June 12, 2017 § 18 Comments
By Zoë Bossiere
A couple of weeks ago, a piece by Jia Tolentino came out in The New Yorker called “The Personal-Essay Boom is Over.” The title alone was enough to deluge social media feeds with writers stepping forward to defend the vitality of the personal essay in spite of the article’s assertions, or otherwise agreeing with Tolentino that the personal essay is, in fact, “dead.” The only problem is, the article isn’t actually about what we writers know as the personal essay at all, but rather a separate subgenre of nonfiction called the “confessional essay.” If we want to get even more specific, Tolentino’s article is talking specifically of the confessional essays typically printed in online “women’s” publications such as xoJane, Jezebel, Salon, and others. To compare the personal and the confessional is a common false equivalence, and a great underestimation of all that first-person nonfiction writing encompasses.
I can recall one of my first nonfiction professors drawing a line on the board, labeling its two ends “Self” and “World.” From there, we students worked to fill in the line with subgenres of nonfiction such as memoir, journalism, personal essay, critical essay, and so on. Every subgenre has a place on this spectrum, and the personal essay, I learned, falls squarely in the middle. Contrary to what many might believe, the personal essay is not a self-absorbed, naval-gazing reflection pool. Rather, the signature of the genre is its use of the self to comment on something larger than. The personal essay cannot, by nature, be strictly personal, as that would delve into “confessional” territory.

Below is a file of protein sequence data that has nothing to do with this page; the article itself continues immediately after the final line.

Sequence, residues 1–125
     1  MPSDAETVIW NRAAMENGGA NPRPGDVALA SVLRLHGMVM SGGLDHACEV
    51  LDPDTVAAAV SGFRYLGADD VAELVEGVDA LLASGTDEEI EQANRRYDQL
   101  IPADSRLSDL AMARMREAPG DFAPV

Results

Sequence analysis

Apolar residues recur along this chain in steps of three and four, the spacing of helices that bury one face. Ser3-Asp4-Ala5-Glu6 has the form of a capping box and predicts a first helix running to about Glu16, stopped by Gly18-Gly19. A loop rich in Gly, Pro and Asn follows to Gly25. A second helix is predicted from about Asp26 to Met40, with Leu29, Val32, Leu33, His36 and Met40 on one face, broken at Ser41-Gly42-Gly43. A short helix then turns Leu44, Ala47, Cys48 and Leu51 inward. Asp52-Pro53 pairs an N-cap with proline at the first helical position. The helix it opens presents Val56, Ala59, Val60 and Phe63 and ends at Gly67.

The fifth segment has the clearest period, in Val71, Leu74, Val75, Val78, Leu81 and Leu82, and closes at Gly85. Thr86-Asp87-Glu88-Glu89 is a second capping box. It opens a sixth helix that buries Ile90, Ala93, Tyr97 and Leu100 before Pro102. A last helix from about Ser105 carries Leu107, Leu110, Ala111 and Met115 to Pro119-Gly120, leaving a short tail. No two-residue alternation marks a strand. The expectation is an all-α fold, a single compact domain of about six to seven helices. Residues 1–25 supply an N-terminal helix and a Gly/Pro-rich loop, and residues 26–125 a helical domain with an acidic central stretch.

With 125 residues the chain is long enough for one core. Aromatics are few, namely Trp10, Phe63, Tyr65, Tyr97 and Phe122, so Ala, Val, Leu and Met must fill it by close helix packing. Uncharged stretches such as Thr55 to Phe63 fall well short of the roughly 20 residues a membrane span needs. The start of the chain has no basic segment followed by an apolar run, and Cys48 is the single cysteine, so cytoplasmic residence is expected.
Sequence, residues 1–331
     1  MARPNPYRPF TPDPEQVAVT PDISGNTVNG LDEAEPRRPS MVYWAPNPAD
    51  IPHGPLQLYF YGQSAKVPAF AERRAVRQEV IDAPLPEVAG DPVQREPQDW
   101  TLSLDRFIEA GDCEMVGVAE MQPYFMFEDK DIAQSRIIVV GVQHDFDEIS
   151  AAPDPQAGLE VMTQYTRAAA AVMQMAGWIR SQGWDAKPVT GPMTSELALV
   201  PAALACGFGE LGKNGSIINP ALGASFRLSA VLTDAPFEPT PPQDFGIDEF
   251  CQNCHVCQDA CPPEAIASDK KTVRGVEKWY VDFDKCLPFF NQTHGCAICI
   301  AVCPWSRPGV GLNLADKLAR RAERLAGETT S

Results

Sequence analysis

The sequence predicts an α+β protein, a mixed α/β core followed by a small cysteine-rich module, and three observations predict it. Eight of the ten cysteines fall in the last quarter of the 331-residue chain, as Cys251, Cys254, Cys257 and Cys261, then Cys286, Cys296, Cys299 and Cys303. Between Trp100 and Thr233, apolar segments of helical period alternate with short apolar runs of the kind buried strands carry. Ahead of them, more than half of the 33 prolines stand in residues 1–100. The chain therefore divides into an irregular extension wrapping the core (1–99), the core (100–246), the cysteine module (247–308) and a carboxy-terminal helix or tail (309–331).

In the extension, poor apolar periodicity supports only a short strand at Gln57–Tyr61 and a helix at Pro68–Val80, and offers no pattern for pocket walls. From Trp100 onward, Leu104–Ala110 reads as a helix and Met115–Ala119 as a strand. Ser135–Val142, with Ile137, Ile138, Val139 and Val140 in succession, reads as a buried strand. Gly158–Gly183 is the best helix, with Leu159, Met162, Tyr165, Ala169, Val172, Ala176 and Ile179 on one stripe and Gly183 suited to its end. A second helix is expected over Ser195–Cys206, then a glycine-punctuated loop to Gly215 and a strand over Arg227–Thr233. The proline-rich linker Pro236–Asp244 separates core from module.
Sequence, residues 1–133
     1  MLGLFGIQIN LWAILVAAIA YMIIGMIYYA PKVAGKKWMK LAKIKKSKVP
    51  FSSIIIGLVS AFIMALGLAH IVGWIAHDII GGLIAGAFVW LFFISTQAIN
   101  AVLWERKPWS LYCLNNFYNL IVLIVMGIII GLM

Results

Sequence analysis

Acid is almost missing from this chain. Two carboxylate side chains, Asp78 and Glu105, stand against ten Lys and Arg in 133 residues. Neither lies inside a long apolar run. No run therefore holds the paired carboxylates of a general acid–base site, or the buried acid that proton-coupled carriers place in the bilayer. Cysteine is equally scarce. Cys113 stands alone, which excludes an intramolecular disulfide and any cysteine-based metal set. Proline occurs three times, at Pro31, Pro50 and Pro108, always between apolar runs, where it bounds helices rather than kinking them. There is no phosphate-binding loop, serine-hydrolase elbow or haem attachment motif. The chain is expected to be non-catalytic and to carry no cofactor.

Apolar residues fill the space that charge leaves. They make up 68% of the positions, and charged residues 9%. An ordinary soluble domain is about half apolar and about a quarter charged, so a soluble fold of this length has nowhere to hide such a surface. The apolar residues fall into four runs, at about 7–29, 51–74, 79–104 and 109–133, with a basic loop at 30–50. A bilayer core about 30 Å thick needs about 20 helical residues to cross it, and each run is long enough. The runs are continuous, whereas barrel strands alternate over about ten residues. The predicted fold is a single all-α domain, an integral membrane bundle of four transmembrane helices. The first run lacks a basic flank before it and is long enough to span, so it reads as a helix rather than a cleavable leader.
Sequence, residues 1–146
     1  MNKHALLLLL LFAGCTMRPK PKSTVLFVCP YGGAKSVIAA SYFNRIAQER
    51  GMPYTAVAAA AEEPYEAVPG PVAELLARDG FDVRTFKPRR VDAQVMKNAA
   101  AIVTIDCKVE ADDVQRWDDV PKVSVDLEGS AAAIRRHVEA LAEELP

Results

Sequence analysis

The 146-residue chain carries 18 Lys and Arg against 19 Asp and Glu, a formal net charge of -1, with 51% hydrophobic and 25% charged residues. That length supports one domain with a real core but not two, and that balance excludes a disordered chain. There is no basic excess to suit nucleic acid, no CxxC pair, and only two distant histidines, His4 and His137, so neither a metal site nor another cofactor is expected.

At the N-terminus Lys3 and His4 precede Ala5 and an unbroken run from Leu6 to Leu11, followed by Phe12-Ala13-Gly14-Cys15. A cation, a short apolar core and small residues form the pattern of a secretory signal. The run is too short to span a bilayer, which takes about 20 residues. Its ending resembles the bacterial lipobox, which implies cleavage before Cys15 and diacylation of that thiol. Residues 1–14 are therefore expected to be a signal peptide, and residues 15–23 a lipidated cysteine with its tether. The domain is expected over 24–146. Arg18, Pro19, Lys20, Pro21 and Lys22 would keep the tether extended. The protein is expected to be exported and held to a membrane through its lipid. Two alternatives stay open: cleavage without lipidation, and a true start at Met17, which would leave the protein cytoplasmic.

A confessional essay focuses exclusively on the self, usually in the form of an anecdote—“This one thing that happened to me this one time.” One convention of the genre is to explore taboo subjects (incest, rape, the female body) to grab reader attention, which some have likened to the writing equivalent of internet “clickbait.” I appreciate how Tolentino addresses the practice of publishing such sensitive material as potentially exploitative, writing that “so many women wrote about the most difficult things that had ever happened to them and received not much in return” except harassment from strangers. This is undoubtedly one of the hazards of the confessional genre, and one that editors who publish such stories should be aware of. I disagree, however, that this kind of essay holds no currency in a world where even the most innocuous statements on Facebook and Twitter can and are interpreted as in some way political.